The most effective way to win congressional support for U.S. foreign policy in Africa is to develop and present a continent-wide strategy. America’s Cold War history in Africa highlights the importance of congressional backing. When the Ford administration sought to secretly arm anti-communist rebels fighting in the Angolan Civil War, Congress not only banned funding to that group, but set a strict $40 million ceiling on military assistance to the entire continent. Fortunately, in this contemporary era of partisan rancor, Congress has taken a remarkably bi-partisan approach to Africa policy issues. Recent attempts to cut foreign aid or humanitarian assistance to African countries, for example, have been met with disapproval from both parties. This bipartisan consensus concerning Africa’s importance to the United States represents a solid foundation on which to formulate a collaborative Africa strategy that is resilient to tactical setbacks.
An Absence of Strategy Increases Vulnerability to Distraction or Co-Option
Absent firm central guidance, policy around African affairs can be vulnerable to the influence of various humanitarian, religious, and bureaucratic interests. While far from unique to Africa policy, these sometimes-opposing influences can accelerate the aforementioned risk of overstretch and lead to the dilution of already limited resources. This phenomenon also accelerates the chances of distraction. As scholar Gorm Rye Olsen notes, “because policymaking has been influenced by a number of different actors, American Africa policy may appear incoherent and ambiguous if judged narrowly on the expectation that it only aims to take care of U.S. national security concerns and economic self-interests.” It is, for example, difficult to identify traditional U.S. interests in the now-concluded American Counter-Lord’s Resistance Army mission spurred by the viral social media campaign “Kony 2012.” Dubbed “Operation Observant Compass,” this multi-year commitment cost between $600-$800 million and saw U.S. military forces deployed throughout central Africa in an effort that ultimately failed to capture the notorious warlord.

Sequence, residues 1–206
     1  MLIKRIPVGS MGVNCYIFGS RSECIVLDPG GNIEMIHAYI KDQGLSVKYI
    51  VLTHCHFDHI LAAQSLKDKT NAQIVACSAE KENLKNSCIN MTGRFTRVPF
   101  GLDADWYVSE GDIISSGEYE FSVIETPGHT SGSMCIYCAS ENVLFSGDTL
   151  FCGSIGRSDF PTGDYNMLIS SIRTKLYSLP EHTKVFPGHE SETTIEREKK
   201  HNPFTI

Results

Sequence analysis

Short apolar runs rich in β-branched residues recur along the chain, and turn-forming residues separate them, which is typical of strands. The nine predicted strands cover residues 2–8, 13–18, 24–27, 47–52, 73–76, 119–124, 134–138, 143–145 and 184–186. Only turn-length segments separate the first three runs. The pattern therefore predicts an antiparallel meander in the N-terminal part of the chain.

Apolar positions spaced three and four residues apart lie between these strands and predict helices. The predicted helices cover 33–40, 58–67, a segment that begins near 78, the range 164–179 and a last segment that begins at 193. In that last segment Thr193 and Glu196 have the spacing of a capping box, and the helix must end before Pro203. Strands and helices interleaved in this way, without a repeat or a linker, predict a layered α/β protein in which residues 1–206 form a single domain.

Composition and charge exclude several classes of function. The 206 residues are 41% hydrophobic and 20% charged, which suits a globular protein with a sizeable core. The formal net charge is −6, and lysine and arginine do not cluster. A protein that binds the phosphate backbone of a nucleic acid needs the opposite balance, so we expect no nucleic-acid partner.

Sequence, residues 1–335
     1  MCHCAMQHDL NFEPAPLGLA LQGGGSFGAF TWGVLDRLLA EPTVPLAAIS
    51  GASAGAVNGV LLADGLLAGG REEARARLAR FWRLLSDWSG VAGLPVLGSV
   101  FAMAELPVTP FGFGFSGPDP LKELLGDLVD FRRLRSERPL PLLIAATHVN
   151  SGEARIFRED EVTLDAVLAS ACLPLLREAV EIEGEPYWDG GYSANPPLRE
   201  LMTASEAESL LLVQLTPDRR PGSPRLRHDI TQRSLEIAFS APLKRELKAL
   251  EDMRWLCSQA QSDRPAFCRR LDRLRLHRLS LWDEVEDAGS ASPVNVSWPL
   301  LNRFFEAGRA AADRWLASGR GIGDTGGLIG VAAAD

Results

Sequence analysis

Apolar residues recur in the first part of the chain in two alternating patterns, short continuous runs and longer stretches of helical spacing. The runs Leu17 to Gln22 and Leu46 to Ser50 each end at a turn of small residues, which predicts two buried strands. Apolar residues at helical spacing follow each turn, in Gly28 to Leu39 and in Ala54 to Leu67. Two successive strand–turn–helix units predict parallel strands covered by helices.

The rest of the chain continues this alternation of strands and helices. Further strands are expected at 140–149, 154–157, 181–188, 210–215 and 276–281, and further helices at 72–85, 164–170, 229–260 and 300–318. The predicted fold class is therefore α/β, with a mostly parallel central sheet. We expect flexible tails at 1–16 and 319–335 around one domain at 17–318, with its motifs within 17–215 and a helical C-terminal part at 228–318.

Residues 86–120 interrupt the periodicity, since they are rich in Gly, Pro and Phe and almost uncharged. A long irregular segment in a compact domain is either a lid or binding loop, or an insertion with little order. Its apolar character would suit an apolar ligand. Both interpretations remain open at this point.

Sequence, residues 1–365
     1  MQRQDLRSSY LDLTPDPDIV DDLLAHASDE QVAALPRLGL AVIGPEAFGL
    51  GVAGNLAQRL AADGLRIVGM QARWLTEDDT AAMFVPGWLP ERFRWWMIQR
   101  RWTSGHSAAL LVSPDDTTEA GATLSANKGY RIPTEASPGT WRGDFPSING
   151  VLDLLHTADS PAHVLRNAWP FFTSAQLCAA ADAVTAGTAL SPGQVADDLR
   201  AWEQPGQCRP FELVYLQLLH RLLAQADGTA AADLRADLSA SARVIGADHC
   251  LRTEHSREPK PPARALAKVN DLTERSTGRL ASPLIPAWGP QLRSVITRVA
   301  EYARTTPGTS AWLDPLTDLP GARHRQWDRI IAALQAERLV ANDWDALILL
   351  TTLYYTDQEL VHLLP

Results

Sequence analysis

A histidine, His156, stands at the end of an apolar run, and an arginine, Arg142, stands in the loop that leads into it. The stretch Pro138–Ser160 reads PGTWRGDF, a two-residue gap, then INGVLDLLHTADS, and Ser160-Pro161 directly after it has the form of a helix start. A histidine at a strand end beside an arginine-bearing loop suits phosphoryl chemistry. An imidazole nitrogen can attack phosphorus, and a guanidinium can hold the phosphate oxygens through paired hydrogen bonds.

Towards a Resilient Africa Strategy
The United States should pursue a continent-wide approach to Africa that reflects the totality of America’s significant and expanding interests in the region. Whatever strategy is ultimately chosen will require the backing of the American people and its elected leaders if it is to be sustained. America’s post-1945 history in Africa, from Angola to “Black Hawk Down,” illustrates that military or foreign policy commitments in Africa made absent strong congressional support and active White House oversight, however initially well-designed, will prove ephemeral. Absent this support, buy-in, and oversight of implementation, any initiatives will prove fragile to the strong headwinds of friction and chance, and may ultimately lead to further American disengagement from the continent.
It would be ill-advised to walk away from Africa, a continent of over a billion people with vast economic potential and a rapidly transforming political landscape. This includes a new wave of democratization, most notably in Sudan and Ethiopia, but also increasing Chinese inroads. While Chinese activity is not always a zero-sum calculus, Beijing’s growing presence sharpens the need for a positive strategy that emphasizes America’s unique values abroad, provides opportunities for American businesses to invest in African markets, and protects American interests at home and abroad from the continued threat of jihadist terrorism.